Negotiation sounds like a good idea, doesn't it? Negotiations brought an end to civil war in Northern Ireland, achieved peace in Angola, attained a kind of peace between the government and guerrillas in Colombia, and pacified a decadeslong Muslim insurgency in the southern Philippines. But negotiations have failed to achieve peace between Israel and Palestine. After nine months, the most recent round of negotiations, led by U.S. Secretary of State John Kerry, never got beyond "Go."
British-Hungarian journalist Arthur Koestler described the controversial 1917 Balfour Declaration, which favored the establishment of a Jewish homeland in Palestine, as "one nation promising another nation the land of a third nation." Three years short of a century after the declaration, Britain is on the verge of coming full circle. On Oct.
NCR Today: Synod on the family starts this weekend; Kansas City sexual abuse lawsuit on trial; Obama administration criticizes Israel; Filipino activists began climate walk
Most of the world recognizes the Palestinian cause as just, and most believe Palestinians are in need of justice. They and their descendants have lived on the land of historic Palestine since time immemorial, yet today, close to 4 million of them live in the West Bank, Gaza and East Jerusalem under different forms of Israeli military occupation.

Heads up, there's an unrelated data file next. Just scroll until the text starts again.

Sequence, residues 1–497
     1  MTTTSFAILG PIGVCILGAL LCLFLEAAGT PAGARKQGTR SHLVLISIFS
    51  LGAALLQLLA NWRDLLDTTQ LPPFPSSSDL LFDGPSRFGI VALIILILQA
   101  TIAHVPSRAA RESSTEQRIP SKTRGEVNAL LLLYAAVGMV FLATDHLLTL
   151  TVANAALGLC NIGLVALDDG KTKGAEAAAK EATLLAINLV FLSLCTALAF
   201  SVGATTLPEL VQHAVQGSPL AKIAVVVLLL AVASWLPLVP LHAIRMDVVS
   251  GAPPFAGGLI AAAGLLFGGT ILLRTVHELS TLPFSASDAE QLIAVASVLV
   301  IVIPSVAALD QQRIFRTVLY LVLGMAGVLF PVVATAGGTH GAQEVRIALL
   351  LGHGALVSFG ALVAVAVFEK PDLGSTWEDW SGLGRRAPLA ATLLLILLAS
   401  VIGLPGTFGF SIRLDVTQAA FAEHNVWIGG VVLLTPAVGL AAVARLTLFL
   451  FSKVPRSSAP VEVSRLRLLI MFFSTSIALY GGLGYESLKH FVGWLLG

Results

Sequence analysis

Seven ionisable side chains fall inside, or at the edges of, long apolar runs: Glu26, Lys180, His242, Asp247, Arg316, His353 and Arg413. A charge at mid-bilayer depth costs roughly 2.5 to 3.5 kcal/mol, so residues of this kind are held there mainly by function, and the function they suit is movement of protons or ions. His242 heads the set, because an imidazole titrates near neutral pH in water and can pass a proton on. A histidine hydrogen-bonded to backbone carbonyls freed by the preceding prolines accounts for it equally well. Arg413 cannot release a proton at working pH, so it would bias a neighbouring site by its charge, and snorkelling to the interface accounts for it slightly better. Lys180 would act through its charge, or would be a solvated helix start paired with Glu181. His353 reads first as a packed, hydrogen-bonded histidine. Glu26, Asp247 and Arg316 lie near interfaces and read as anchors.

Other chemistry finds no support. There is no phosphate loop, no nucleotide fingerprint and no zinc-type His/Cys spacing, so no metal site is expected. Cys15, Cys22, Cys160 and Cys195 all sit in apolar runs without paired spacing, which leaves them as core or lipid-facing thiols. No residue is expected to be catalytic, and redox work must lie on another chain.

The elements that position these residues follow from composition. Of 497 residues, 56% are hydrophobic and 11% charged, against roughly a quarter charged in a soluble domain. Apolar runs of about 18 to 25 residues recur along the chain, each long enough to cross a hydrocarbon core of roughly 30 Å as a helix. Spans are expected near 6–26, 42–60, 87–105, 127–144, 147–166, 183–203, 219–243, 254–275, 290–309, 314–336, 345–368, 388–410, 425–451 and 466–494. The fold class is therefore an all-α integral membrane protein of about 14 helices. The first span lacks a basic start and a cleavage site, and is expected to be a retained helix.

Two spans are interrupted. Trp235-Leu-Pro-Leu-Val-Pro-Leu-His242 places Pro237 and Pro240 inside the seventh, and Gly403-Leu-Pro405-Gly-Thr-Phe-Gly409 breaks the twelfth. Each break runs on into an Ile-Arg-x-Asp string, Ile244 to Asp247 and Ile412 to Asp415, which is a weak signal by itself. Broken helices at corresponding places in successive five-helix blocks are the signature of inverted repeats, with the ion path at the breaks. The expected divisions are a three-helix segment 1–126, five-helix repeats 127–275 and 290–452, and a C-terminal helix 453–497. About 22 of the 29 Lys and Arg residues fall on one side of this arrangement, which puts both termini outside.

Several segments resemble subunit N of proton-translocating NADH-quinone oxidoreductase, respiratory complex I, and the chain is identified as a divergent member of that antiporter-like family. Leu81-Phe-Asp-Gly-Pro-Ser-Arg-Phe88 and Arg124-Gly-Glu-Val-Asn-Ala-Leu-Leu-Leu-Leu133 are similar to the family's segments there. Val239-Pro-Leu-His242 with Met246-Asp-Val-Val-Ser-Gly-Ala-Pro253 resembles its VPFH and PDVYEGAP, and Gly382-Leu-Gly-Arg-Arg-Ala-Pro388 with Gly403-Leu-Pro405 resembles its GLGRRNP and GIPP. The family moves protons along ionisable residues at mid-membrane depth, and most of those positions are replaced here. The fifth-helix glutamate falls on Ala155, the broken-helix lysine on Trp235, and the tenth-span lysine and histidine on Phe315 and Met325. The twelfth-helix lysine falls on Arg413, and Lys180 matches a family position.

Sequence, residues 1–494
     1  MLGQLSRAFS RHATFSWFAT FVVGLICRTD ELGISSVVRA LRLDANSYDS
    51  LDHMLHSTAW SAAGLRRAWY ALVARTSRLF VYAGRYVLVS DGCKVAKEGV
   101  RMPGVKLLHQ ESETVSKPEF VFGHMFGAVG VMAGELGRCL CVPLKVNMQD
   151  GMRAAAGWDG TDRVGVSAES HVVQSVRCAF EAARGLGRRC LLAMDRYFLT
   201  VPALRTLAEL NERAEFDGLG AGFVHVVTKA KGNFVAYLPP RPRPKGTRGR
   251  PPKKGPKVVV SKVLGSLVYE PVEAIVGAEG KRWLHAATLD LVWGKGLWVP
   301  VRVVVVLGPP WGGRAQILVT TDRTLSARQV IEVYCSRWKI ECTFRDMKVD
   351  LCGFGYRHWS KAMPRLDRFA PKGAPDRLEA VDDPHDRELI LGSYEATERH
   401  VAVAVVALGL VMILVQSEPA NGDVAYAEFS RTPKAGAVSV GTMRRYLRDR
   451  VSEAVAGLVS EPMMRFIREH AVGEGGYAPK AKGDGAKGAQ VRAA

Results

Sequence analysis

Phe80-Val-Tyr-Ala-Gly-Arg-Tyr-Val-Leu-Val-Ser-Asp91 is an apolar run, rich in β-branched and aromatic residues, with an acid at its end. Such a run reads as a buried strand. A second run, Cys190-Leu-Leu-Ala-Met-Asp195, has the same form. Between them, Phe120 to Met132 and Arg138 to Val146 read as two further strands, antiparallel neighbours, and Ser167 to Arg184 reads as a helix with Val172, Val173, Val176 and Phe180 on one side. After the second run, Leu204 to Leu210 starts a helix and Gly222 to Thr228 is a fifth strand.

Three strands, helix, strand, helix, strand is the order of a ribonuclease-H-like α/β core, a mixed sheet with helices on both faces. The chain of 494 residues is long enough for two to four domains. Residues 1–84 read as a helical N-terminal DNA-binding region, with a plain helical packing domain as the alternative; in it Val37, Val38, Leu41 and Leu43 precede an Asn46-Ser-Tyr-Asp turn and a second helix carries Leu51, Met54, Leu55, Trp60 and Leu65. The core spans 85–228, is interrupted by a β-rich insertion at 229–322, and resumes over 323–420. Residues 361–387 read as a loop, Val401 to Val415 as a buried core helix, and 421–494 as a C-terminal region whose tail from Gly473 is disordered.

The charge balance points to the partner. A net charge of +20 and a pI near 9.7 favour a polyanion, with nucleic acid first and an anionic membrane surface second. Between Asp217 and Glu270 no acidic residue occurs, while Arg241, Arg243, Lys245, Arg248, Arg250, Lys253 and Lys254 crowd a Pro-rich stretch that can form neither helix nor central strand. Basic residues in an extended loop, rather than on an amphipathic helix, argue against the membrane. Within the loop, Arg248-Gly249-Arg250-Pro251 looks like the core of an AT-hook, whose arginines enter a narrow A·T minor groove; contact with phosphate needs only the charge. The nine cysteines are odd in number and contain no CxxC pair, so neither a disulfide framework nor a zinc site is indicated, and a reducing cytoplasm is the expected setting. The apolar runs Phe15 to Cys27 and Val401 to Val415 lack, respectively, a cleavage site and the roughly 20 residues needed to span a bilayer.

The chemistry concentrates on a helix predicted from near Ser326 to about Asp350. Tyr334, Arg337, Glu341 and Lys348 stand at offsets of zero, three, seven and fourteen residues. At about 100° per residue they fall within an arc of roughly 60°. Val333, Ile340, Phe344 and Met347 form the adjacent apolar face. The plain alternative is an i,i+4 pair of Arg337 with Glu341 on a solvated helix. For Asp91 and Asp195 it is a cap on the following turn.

"There is no price too high to pay for peace. [We need] the international community to coalesce to help both parties to come together."
The picture was perfect. Four patriarchs of the Maronite, Melkite, Syrian Orthodox and Syrian Catholic churches with the catholicos of the Armenian Apostolic Church sat side by side on the stage on Thursday in Washington at the In Defense of Christians Inaugural Summit. More remarkable was the coherence of the patriarchs' message: Not just Christians, but all religions of the Middle East, including Islam and Judaism, need protection. The future of the region, they declared, must be found in pluralism and inclusion.
"We refuse to hate. No one can force us to hate. It's easy to say; difficult to live, of course. For us, it is very difficult."
The Times of Israel is reporting that Israel’s military legal branch is investigating five cases of alleged misconduct among Israeli Defense Forces during the recently halted 50-day Israel-Hamas conflict.
According to the news site, the cases include:
Former Israeli President Shimon Peres asked Pope Francis to head a parallel United Nations called the "United Religions" to counter religious extremism in the world today.
NCR Today: A straightforward, undisputed analysis of offenses in the conflict, whether by Hamas or Israel, will probably be hard to come by. But the U.N. is going to try.